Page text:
A beautiful signed Japanese ferrule and pommel plate.
74 x 71 mm
5 mm thick
Hizen province, Japan
Japanese antique art market
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Nanban tsuba are a genre of tsuba exhibiting strong foreign influence. Some are plain imports and should be seen as outside the genre. Of those made in Japan, very, very few are ever signed. Today I present a rare exception.
This piece depicts a fantasy version of a Chinese ship, possibly the mythical Takarabune (宝船), or "Treasure Ship". The bow of the ship is shaped like a phoenix head, with a figure standing at its base. At the stern are two figures in traditional Chinese dress. Two small billowing sails are also chiseled. It has a beaded rim. The seppa-dai (washer seat) is in typical nanban style; angular with peaked top and bottom and decorated with a stylized wave pattern. The whole is decorated with gold overlay over three-directional cross-hatching.
It has one hitsu-ana, the opening for the by-knife, with a very small four-letter signature in its rim:
Hishū is an old name for Hizen.
Kanesada appears in the Haynes index, H 02535.0. Active circa 1800, did classic Canton style with facing dragons and a jewel. Also did the Mitsuhiro style 100 monkeys designs.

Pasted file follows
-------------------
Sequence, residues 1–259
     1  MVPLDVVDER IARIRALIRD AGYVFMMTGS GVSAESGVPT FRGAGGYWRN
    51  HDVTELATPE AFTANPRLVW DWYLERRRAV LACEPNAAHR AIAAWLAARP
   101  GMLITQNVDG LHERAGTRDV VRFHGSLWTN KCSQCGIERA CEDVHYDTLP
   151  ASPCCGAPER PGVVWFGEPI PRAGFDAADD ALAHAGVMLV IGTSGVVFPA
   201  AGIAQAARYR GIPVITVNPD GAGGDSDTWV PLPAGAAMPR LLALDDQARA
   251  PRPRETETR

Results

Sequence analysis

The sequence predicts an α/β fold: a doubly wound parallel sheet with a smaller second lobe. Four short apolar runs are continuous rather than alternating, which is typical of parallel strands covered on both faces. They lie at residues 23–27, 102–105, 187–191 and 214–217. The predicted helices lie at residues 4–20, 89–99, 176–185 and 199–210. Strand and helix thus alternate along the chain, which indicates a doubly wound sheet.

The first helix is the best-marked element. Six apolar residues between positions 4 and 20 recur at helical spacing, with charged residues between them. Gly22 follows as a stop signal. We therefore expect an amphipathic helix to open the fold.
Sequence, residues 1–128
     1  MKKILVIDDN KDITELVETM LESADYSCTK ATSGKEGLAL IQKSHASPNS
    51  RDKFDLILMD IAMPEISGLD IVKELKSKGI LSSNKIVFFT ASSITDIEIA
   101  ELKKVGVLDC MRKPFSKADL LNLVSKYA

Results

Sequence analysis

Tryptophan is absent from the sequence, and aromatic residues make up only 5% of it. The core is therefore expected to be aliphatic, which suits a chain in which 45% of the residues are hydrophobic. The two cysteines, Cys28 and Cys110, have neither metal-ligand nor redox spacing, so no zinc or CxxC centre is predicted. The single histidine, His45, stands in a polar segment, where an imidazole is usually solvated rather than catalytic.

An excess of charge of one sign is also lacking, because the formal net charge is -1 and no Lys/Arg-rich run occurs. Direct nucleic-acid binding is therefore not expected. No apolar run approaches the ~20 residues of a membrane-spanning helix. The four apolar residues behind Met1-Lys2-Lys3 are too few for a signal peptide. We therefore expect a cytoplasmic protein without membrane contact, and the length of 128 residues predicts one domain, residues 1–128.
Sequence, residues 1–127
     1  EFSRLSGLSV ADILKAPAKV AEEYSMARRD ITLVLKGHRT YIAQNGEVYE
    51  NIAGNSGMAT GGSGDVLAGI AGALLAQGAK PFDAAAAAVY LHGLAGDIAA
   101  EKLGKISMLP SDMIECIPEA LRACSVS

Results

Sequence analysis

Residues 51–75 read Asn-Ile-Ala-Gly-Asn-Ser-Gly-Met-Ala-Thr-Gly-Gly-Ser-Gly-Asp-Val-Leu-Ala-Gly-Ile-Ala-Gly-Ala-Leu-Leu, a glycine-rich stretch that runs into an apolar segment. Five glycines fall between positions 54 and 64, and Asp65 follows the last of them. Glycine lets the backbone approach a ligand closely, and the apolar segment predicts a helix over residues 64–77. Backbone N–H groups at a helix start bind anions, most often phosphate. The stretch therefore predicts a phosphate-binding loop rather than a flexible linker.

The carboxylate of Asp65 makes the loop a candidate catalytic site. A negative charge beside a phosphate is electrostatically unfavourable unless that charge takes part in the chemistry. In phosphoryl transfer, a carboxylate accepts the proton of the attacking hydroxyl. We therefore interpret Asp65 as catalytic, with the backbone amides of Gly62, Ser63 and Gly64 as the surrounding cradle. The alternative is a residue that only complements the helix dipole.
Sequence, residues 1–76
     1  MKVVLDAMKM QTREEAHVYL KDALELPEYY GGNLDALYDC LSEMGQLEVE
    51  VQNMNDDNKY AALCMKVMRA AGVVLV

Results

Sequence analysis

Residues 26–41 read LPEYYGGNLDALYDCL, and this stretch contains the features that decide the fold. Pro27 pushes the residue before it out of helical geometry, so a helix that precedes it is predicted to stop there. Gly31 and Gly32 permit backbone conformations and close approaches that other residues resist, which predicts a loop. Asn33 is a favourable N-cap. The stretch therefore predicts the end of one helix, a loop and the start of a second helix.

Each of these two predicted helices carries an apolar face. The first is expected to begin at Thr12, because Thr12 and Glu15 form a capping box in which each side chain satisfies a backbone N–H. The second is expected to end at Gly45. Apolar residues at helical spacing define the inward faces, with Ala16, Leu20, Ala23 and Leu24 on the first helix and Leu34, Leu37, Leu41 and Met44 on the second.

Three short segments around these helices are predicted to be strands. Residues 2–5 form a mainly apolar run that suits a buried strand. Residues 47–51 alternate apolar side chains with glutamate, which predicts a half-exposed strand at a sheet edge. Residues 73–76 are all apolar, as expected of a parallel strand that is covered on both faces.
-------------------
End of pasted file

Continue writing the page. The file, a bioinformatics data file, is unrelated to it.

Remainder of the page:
Examples are published in the Furukawa collection, pl. 22, #122. Wakayama; Tōsō Kinkō Jiten, page 122, upper #7. Wakayama; Tōsō Kodōgu Meiji Takei, Vol. III, page 318. Ken'ichi Kokubo; Shinsen Kinkō Meikan, page 68.
The piece comes with old NBTHK Tokubetsu Kicho Nintei-sho papers of Shōwa 37, 1962. Such papers are deemed worthless today due to incompetence and corruption at the NBTHK, and this paper seems no exception: The Shinsha team at the time could not figure out the maker's signature. I will keep them with the piece out of nostalgic reasons.
1. Robert Haynes; The Index of Japanese Sword Fittings and Associated Artists. Nihon Art Publishers, 2001. Entry H 02535.0.
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